Play sad guitar chords in 7 simple steps

Do you want to play sag guitar chords and create sad guitar chord progressions without in-depth knowledge of music theory?

Here’s the deal:

In this article, you’ll learn how to play sad guitar chords and create sad guitar chord progressions in 7 simple steps with examples!

You don’t need any music theory knowledge! But I always give you more resources if you want to get more in-depth knowledge on single topics.

The 7 steps are:

Sad guitar chords

Writing a song is like baking a cake. To bake a sweet cake, you need sweet ingredients. To play sad music on the guitar, you need sad guitar chords.

If you don’t know what chords are yet, you can read up on it here!

Let’s get right in:

Step 1: Use dissonance to play sad guitar chords

Some guitar chords sound sad when you hear them by themselves. An example of this is “D Flat Minor”:

D Flat Minor is a sad guitar chord
(Photo by Marek Szturc on Unsplash)

But what makes a guitar chord sound sad in our perception? – Dissonance!

Dissonance for dummies

The main reason a chord sounds sad is dissonance.

You might be wondering:

What exactly is dissonance?

In my words: Dissonance describes a sound that is tensioned and incomplete.

As music theory puts it, when you hear a dissonant chord, you feel that it should be resolved to a consonant chord.

Step 2: Use low voicing to play sad guitar chords

Try to say the word happy in a low and dark voice.

Sounds weird, right?

Feeling high and low

We connect happiness and excitement with high pitched speech and tones.

But, sadness and sorrow feel more natural with low pitched speech and tones.

The same goes for sad guitar chords:

Sad guitar chords without a capo

A good rule of thumb: Play sad guitar chords as low as possible.

You can achieve this by throwing away your capo for that sad ballad that’s supposed to make your ex cry.

You should also try to play the chords in the first position, whenever possible.

Open strings also make your guitar chords sadder.

Here’s an example:

Below, you see two alternatives for playing the “A Minor” chord – one with open strings and low notes and one with high notes:

A Minor is a sad guitar chord
(Photo by Markos Mant on Unsplash)

Try them out and see which one sounds sadder to you!

Step 3: Use minor to play sad guitar chords

Minor chords are the hot sauce for sad songs. They are the closest thing there is to a sad guitar chord.

You can use minor chords to create many sad guitar chord progressions.

Discussing the nature of minor chords would go beyond this article’s scope, but I listed you some additional resources that you can use to learn more about minor chords:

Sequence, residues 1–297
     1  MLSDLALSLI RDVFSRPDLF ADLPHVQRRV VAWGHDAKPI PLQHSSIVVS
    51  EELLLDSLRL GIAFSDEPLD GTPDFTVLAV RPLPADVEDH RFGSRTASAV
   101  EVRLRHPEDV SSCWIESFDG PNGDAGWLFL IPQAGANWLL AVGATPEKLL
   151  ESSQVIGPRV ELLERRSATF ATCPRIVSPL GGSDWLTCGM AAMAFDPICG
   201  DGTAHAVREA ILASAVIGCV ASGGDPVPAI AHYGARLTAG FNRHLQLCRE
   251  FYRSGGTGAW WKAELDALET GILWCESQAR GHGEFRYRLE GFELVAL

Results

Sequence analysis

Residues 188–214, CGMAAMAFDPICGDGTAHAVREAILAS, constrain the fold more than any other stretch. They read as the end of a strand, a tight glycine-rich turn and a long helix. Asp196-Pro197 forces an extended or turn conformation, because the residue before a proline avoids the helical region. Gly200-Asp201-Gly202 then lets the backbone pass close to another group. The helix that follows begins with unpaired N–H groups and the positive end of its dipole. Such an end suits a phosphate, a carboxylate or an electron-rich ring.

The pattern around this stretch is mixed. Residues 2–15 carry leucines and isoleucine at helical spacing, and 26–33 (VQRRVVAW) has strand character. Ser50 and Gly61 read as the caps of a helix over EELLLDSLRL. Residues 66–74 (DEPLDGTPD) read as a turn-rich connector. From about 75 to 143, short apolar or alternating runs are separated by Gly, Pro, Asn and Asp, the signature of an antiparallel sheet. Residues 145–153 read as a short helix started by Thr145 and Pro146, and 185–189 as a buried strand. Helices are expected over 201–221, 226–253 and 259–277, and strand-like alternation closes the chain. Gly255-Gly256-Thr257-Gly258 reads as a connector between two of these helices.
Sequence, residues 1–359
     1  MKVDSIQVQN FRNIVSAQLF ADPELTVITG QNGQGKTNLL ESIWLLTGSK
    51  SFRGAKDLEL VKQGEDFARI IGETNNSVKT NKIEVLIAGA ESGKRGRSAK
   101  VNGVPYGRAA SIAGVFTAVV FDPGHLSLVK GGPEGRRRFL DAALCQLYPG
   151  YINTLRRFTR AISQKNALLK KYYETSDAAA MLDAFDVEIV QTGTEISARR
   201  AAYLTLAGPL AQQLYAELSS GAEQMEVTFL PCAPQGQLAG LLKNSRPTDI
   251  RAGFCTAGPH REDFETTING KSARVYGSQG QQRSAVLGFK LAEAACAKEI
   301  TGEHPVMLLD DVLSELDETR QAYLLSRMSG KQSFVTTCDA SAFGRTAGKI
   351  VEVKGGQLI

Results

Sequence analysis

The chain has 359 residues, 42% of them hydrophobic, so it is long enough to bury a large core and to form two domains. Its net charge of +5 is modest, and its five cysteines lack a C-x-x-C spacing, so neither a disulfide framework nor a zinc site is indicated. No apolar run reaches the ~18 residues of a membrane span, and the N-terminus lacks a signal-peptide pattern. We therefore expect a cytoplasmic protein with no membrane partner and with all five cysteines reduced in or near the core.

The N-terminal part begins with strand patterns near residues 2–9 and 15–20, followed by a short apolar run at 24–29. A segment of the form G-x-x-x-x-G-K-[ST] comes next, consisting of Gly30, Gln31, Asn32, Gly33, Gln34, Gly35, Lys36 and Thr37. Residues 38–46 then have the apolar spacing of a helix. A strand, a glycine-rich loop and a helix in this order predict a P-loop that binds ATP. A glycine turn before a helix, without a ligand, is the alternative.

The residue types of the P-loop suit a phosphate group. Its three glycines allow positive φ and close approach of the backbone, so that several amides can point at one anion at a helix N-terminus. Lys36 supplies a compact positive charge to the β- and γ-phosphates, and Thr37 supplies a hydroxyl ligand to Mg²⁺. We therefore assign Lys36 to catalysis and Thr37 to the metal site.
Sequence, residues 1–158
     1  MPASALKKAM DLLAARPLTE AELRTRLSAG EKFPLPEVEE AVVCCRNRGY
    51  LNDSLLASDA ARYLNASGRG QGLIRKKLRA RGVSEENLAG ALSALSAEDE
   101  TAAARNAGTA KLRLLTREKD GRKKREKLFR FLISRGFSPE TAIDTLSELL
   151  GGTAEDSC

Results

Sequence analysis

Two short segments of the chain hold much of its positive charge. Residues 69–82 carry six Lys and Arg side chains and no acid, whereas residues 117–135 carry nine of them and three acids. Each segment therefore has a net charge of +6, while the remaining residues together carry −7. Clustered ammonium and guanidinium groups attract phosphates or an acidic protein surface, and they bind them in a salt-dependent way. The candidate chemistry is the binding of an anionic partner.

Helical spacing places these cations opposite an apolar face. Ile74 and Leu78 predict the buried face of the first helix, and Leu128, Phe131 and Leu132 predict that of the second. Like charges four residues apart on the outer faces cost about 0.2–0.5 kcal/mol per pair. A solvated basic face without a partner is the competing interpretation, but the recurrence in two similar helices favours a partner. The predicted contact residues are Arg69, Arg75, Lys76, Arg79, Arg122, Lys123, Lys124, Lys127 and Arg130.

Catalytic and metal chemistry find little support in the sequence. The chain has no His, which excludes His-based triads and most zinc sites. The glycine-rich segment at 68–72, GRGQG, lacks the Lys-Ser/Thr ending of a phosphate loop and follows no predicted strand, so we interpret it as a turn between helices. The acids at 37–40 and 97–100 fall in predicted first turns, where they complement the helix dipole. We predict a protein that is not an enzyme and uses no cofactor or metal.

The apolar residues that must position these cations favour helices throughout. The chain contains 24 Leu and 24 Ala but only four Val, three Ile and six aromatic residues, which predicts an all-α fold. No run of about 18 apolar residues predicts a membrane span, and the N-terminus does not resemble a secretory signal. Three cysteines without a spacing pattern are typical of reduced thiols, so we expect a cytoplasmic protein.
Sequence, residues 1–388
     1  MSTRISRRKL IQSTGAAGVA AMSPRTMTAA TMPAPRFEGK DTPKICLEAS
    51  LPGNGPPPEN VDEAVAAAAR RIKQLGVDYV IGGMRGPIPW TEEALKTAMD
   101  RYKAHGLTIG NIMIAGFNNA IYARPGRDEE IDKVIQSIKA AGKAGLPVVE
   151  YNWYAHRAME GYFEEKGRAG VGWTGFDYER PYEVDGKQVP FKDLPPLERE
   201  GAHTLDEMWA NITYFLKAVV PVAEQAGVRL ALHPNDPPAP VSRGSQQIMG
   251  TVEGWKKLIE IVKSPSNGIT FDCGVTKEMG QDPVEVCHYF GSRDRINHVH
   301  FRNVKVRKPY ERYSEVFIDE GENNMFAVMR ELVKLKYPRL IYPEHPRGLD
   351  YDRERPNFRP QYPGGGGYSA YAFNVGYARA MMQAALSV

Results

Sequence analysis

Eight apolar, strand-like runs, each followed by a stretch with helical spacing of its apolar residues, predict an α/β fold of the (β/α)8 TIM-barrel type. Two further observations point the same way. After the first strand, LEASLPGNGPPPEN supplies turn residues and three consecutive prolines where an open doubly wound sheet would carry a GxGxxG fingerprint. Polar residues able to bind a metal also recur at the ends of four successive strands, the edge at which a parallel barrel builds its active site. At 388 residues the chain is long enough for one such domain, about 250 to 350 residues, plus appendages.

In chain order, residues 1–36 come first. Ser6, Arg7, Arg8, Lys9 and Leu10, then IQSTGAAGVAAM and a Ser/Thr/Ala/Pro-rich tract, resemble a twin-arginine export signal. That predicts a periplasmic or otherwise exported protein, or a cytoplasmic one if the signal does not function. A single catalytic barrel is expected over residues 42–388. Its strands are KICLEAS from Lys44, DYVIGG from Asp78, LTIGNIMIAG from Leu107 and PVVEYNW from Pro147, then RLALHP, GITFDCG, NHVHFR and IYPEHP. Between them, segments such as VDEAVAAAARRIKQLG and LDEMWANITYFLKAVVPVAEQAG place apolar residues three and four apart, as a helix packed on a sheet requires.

Did you know that power chords are neither major nor minor? You can read more about them in this article on the Unholy Guitars blog!


Step 4: Use Context and expectations to play sad guitar chords

Most of the time, songs need more than one sad guitar chord.

The key to writing whole sad songs is context and expectations.

But how can you use sad guitar chords to express complex feelings?You need to make chord progressions!

To experiment with sad guitar chords and chord progressions, you can use this free online tool!

Sad guitar chord progressions

I will show you some hands-on techniques you can use to make sad guitar chord progressions!

Here you can read up on the music theory behind sad guitar chord progressions.

Step 5: Use tension to play sad guitar chord progressions

Music is all about tension and release.

For example, you can make the listener feel uncomfortable, tease him, and then give him the long-awaited relief (pun intended).

A perfect example for tension and release is “United States of Eurasia” by Muse:

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Try to focus on the chords and your expectations of what should come next!

Step 6: Use descending melodies to play sad guitar chord progressions

Imagine this:

You met Slash at a bar and had a drink with him.

Now you want to tell this crazy story to your friends.

How would your voice be pitched when you feel excited because you met your (or at least my 😉) favorite Rockstar?

It will probably be high pitched and rise higher to the end of each sentence.

The opposite goes for sad stories and songs.

Descending melodies make great sad chord progressions on the guitar.

A perfect example for descending melodies is the song “While My Guitar Gently Weeps” by The Beatles.

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Try to pay close attention to the descending melodies on the guitar and bass!

Step 7: Use slow rhythms to play sad guitar chord progressions

Remeber the Slash-story from step 6?

When you tell a joyful story, you are also likely to speak fast.

Slow speech and rhythms are the perfect fit for sad stories and songs.

Slow down the rhythm to make guitar chord progressions even sadder.

An excellent example of this technique is “Hurt” by Johnny Cash.

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I hope I didn’t make you cry at the very last step to creating sad guitar songs and sad guitar chord progressions.


If you need some upcheering fast rock’n’roll, you can check this article about Eddie Van Halen’s Frankenstrat out!


Conclusion

To play sad guitar chord progressions, you need sad guitar chords.

Sad guitar chords typically are:

  • Dissonant
  • Low voiced
  • Minor chords
  • In the right context

To create a whole sad guitar chord progressions, you need:

  • Tension
  • Descending melodies
  • Slow rhythms

I hope I could help you uncover the myths and mysteries of sad guitar chords and sad guitar chord progressions!

What are the best sad guitar chords and sad chord progressions, in your opinion? Comment below!